John Muir Trail Revisited (5) 12-Sep-2022

Mount Ritter and Banner Peak over Garnet Lake, Ansel Adams Wilderness, California

Day 5: Clarice Lake to Lower Davis Lake

Well, we made good use of our layover day yesterday, what with lounging around in the sunshine and all. Now, to reach Tuolumne Meadows on schedule, we’d have to hike longer distances, and cross a major pass, in the next three days. I’d like to say that the weather accommodated us by being warm and sunny for all of those three days. It did not, choosing instead to grace us with rain (but not hail) on two of them. There may be a drought in California but it wasn’t here for us. 🤨

Moon set over Clarice Lake, Ansel Adams Wilderness, California
Moon set over Clarice Lake
Clouds over Banner Peak at first light, Ansel Adams Wilderness, California
Clouds over Banner Peak at first light

Although some clouds appeared again at dawn, we started hiking under mostly sunny skies. But that didn’t last as the clouds swelled and grew throughout the day. They remained puffy, sporadic things while we hiked over a divide, down around Garnet Lake, and past pretty little Ruby Lake to Thousand Island Lake. Mount Ritter and Banner Peak would dominate the western skyline until we crossed Island Pass.

Climbing over the divide toward Garnet Lake
Garnet Lake from the divide
Descending to Garnet Lake
Garnet Lake, Ansel Adams Wilderness, California
Garnet Lake
Mount Ritter (L) and Banner Peak (R) over Garnet Lake, High Sierra, California
Mount Ritter (L) and Banner Peak (R) over Garnet Lake
Clouds swirl over Ritter and Banner
Clouds swirl over Ritter and Banner
On toward Thousand Island Lake
Ruby Lake, Ansel Adams Wilderness, California
Ruby Lake
Emerald Lake, High Sierra, California
Descending toward Emerald Lake
Emerald Lake, High Sierra, California
Emerald Lake
Crossing the outlet to Thousand Island Lake, Ansel Adams Wilderness, California
Crossing the outlet of Thousand Island Lake
Ritter and Banner over Thousand Island Lake, California
Ritter and Banner over Thousand Island Lake
Close-up of the west face of Banner Peak, with the remnants of its glacier
Close-up of the west face of Banner Peak, with the remnants of its glacier

Just past the outlet of Thousand Island Lake, the John Muir Trail (JMT) merges again with the Pacific Crest Trail (PCT) and they remain entwined until Tuolumne Meadows, when the JMT breaks off toward its trailhead in Yosemite Valley and the PCT continues northward. From Thousand Island Lake, we followed the merged trails as they climbed over gentle Island Pass – past some well fed marmots – and descended to a junction with the Davis Lakes Trail.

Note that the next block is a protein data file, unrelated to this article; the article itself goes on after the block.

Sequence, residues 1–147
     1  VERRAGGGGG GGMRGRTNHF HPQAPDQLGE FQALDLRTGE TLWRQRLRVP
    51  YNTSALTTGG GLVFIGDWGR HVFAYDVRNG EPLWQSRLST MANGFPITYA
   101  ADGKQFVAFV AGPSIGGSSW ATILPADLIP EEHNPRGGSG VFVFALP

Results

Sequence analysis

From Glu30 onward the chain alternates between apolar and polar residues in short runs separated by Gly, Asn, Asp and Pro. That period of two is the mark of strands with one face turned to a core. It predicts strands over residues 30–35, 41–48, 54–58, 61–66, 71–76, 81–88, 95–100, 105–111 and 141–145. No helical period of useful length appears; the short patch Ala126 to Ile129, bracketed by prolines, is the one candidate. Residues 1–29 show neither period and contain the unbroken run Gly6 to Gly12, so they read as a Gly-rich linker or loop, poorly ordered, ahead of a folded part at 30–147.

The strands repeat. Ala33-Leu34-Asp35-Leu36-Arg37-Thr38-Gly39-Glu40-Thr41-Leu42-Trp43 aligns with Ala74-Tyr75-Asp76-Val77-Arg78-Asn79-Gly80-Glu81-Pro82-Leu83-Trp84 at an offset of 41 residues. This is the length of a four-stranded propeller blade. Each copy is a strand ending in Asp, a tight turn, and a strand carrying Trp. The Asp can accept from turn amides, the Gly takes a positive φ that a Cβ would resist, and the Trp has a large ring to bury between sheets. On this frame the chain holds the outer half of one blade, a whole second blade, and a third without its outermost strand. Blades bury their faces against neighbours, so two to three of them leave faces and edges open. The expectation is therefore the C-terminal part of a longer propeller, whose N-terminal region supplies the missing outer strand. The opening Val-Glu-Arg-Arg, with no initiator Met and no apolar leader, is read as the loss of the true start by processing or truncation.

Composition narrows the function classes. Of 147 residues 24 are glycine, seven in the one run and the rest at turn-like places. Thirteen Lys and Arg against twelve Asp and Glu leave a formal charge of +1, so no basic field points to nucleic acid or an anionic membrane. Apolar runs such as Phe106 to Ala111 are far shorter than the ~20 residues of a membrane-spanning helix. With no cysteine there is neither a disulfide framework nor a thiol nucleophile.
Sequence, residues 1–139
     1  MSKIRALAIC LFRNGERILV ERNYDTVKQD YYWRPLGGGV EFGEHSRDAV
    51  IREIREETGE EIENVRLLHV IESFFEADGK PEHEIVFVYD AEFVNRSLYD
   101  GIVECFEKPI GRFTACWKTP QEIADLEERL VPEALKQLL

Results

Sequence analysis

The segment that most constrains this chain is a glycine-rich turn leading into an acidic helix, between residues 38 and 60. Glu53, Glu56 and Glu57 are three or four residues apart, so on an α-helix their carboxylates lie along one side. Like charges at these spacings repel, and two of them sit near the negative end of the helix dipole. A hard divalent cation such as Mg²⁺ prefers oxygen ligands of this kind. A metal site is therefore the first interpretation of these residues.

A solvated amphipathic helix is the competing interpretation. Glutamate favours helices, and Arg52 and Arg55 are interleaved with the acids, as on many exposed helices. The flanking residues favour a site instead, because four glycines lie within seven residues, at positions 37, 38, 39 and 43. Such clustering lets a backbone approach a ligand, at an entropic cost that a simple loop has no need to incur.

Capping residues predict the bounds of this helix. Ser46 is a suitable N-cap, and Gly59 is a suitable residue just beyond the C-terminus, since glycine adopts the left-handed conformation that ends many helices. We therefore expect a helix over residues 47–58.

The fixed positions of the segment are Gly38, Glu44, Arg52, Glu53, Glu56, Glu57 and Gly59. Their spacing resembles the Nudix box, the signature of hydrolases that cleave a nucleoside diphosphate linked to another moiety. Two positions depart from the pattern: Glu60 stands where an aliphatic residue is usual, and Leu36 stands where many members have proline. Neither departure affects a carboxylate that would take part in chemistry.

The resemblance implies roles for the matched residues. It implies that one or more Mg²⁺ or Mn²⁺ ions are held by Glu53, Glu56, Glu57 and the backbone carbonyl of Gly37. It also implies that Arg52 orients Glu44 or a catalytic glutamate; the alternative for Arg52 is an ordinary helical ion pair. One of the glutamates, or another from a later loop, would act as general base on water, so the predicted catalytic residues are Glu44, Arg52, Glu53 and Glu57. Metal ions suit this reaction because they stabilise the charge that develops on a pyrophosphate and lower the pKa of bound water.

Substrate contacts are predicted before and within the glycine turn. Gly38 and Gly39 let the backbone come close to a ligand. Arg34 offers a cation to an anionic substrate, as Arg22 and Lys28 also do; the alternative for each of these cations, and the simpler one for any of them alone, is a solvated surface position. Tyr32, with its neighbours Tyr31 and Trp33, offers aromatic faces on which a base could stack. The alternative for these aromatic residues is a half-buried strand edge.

Island Pass, High Sierra, California
Island Pass with gathering clouds
Island Pass marmot
Descending toward the Davis Lakes Trail

At the junction, we turned west, aiming for a campsite at Lower Davis Lake. As we crossed Island Pass, the clouds had gone from artistic to menacing and now a gentle rain was falling. But those sprinkles stopped just as the pack string caught up with us. The rain held-off while we followed the string into camp and quickly set-up the tarp and our tents.

Lower Davis Lake
The Loved One challenges the elements at Lower Davis Lake
Jacob quickly unloads the mules

We got about 15 minutes grace after reaching camp before the skies erupted with yet another deluge – one so mighty our tent started leaking. But no hail. 🙄 As we ate dinner standing under the tarp, we contemplated a flooded tent. But – mercifully – the deluge quit abruptly at 20.00 and there was no rain overnight. We squelched the leaks and managed to get a decent night’s sleep in relatively dry conditions.

We’d hiked 7.4 miles (11.8 km) today, with a cumulative gain of 1,300 feet (396 m), most of it without, fortunately, being swaddled in steamy rain gear. Tomorrow we’d climb over Donohue Pass (11,066 feet / 3,373 m) and make the steep rocky descent into Lyell Canyon to the essentially flat section of the JMT going into Tuolumne Meadows.

From Clarice Lake to Lower Davis Lake on the JMT, then the JMT/PCT
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